5. Introduce TestClosure to manage layout of browser windows

I want to manage the layout of browser windows. I want them displayed at different positions (x, y) so that I can see them identifiable. But how can I do it?

WebDriver API provides tools for us to solve this problem. You can explicitly set Window Position and Size. For example,

driver.manage().window().setPosition(new Point(50,200));


driver.manage().window().setSize(new Dimension(300,500));

I can should be able to set position and size to the windows opened by WebUI.openBrowser('') call inside the Closures in Test Cases. The following code shows how I managed it.

I introduced a custom helper BrowserWindow.layout(metrics, position) that moves the browser window appropriately.

Problems are resolved.

Miscellaneous demo videos

You can view the videos by clicking the following links:

demo video Test Suite elasped (seconds) what it does
demo1A 27 visits 3 URLs sequentially, windows are not managed
demo1B 30 visits 3 URLs sequetioally, windows are managed in Tile layout
demo1C 55 visits 5 URLs sequentially, windows are managed in Stack layout, takes screenshots
demo2A 20 visits 3 URLs simultaneously, windows are overlayed at the same (x,y) position with the same width/height
demo2B 21 visits 3 URLs simultaneously, windows are managed in Tile layout
demo2C 48 visits 5 URLs simultaneously, windows are managed in Stacklayout, takes screenshots
demo3D 156 takes Full Page screenshots of 8 URLs using 2 browsers simultaneously. A browser is reused to process 4 URLs each. Unfortunately WebUI.takeFullPageScreenshot() takes long time (approx. 30 seconds each). Unable to post video for demo.

Using the following environment:

  • Mac Book Air, Processor: 1.6GHz Dual Core Intel Core i5, Memory 16GB
  • macOS Big Sur
  • Katalon Studio v7.9.1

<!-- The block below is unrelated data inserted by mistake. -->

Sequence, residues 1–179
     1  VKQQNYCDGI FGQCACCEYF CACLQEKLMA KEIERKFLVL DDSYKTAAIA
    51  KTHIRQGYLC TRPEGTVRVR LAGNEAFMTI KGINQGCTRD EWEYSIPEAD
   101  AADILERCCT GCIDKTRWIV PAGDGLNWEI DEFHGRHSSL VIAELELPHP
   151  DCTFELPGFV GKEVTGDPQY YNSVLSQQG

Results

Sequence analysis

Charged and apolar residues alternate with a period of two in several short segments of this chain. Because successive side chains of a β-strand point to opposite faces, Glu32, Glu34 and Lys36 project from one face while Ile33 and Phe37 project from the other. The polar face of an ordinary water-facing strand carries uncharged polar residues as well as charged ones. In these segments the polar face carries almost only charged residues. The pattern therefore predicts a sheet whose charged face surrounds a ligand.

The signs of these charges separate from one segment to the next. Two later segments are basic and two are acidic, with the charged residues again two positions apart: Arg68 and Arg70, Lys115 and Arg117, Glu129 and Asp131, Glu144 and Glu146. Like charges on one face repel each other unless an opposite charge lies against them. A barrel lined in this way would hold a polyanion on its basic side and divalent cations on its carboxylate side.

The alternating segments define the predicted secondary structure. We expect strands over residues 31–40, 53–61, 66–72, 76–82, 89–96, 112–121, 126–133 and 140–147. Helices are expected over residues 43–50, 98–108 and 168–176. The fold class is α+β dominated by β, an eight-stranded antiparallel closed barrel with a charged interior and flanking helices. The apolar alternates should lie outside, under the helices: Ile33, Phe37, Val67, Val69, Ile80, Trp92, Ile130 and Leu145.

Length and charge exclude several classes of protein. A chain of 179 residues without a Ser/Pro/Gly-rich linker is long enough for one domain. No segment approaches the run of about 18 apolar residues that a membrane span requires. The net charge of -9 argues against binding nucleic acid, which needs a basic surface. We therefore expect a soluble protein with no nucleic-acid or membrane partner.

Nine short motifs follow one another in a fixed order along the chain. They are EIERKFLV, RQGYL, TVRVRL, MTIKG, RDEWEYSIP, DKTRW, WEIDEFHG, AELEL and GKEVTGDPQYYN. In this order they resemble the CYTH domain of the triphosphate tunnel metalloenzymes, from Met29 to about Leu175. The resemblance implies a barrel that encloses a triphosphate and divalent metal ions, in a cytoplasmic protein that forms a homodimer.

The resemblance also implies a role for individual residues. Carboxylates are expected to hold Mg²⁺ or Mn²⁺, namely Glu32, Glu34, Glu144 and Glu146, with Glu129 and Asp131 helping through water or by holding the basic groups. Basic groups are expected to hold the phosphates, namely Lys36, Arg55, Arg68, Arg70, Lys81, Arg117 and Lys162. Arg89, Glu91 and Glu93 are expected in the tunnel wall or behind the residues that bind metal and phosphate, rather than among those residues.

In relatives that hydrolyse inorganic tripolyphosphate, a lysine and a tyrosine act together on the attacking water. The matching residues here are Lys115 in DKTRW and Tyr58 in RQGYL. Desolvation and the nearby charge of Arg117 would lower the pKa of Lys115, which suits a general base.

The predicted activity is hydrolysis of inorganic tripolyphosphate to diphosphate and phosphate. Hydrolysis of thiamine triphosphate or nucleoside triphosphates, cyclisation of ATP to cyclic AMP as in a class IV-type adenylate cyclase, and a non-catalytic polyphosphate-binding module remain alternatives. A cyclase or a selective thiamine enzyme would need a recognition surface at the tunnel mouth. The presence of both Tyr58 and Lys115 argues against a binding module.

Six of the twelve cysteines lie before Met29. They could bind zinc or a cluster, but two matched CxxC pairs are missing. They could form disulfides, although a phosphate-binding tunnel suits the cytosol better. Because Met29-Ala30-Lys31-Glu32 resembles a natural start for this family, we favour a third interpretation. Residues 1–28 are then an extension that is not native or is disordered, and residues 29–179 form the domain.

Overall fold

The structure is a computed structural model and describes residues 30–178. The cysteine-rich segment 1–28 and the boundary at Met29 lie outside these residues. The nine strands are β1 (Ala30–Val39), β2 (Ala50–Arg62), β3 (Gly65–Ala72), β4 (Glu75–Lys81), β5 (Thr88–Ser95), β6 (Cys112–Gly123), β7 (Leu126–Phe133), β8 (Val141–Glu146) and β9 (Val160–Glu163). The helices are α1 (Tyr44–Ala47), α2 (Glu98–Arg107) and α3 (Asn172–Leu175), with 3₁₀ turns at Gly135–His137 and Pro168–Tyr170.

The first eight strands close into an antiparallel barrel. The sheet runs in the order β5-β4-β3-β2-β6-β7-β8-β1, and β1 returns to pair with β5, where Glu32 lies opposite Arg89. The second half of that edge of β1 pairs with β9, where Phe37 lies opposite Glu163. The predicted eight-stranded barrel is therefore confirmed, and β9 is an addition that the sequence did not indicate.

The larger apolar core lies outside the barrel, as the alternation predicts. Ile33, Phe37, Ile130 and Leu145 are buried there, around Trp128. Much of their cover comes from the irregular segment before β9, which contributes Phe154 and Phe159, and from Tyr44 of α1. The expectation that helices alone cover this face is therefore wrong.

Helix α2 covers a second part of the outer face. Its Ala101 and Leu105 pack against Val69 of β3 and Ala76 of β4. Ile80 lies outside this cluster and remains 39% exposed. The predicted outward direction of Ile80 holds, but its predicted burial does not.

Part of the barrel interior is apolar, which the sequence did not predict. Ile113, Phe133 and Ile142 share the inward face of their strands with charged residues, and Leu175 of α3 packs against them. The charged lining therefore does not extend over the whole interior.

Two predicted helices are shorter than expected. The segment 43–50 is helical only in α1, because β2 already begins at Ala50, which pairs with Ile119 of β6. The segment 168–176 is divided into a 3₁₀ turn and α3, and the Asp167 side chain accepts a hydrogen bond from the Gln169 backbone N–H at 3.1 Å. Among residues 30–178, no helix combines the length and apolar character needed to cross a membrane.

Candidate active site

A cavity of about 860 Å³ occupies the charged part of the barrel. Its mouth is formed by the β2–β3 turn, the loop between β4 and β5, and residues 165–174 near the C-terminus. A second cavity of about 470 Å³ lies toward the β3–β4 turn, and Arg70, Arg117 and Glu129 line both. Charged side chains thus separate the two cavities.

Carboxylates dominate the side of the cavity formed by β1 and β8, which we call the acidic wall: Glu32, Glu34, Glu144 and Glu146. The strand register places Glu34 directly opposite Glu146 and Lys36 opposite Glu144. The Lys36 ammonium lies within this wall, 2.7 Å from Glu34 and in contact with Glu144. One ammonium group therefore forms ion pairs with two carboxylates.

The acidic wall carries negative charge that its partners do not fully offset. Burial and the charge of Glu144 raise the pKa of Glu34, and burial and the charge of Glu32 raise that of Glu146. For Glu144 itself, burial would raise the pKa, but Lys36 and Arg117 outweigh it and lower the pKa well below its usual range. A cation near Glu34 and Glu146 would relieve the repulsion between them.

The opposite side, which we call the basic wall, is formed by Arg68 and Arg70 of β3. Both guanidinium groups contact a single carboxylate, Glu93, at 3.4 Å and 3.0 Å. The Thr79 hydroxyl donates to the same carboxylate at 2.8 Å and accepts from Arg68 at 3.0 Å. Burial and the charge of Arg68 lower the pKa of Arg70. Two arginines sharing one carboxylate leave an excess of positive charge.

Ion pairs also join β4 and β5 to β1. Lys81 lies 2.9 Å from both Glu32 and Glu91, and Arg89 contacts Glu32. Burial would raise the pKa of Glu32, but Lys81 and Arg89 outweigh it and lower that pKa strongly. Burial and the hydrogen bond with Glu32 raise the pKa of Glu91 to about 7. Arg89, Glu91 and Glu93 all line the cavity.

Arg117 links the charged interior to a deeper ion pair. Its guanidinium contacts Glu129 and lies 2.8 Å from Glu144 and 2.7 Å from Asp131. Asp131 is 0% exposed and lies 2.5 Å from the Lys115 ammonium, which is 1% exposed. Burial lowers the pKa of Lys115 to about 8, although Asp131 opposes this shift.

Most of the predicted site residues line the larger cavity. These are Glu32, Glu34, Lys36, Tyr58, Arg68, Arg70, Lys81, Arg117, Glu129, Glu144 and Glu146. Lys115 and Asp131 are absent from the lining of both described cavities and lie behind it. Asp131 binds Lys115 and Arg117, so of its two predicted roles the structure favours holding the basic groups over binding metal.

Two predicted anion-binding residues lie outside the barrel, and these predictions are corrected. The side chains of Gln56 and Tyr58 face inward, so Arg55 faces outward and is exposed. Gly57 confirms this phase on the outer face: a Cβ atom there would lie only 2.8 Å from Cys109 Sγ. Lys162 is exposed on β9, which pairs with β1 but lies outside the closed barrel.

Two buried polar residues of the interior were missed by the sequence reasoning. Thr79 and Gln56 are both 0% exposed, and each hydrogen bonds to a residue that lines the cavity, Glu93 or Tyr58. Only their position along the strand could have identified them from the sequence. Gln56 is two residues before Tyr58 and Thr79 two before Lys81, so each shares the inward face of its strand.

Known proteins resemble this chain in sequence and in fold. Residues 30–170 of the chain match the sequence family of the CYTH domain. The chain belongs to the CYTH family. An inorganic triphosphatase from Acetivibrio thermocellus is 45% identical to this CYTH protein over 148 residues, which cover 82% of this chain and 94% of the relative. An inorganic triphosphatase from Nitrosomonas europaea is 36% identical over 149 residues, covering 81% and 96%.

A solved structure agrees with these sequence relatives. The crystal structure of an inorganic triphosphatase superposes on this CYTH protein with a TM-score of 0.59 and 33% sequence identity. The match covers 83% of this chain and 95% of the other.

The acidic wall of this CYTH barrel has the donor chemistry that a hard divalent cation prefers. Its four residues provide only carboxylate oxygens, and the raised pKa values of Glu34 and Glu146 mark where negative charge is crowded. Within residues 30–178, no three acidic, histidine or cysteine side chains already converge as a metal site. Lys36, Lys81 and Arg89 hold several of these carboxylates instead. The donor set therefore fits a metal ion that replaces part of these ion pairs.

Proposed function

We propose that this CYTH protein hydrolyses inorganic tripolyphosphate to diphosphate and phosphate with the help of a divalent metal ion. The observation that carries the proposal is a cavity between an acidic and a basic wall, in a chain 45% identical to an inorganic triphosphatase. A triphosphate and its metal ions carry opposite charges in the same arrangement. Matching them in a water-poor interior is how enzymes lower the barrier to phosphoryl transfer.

Caution: videos are compressed

When I executed a Test Suite in Katalon Studio to take the demo2A, the Test Suite acutally took 20 seconds to finish processing. But you will find the “movie” plays in 7 seconds. The movie plays far quicker than the acutal scene. I suppose that, while I uploaded the files to Google Drive, the movies were compressed to reduce the size by chomping the still frames off.

Design Description

This project includes a set of working codes. Please read the source to find the detail. The code will tell you everything I could.

Here I write quick pointers:

Entry point

Have a look at a Test Case that opens 3 browser windows simultaneously:

The code is very short. Is it simple? — not really. This short code triggers a lot.

What is TestClosure? How to write it?

Essentially a TestClosure object is a pair of a Groovy Closure and a list of parameters for the closure. Plus a TestClosure carries information where the browser window should be located and how it should be sized. The source of TestClosure is this:

The following Test Case shows an example of creating a list of TestClosure objects.

How to execute TestClosures in parallel?

The Test Case Test Cases/demo/demo2B_simultaneous_tiling calles TestClosureCollectionExcecutor . This object executes the collection of TestClosures simultaneoutly.

The source code is here:

TestClosuresCollectionExecutor creates a thread pool of 4 as default. You can change the maxThread by parameter to the Buiilder. The value 1 - 16 is accepted.

2 strategies of window layout

This project provides 2 strategies of browser window layout:

  • Tiling : see demo2B for example
  • Stacking : see demo2C for example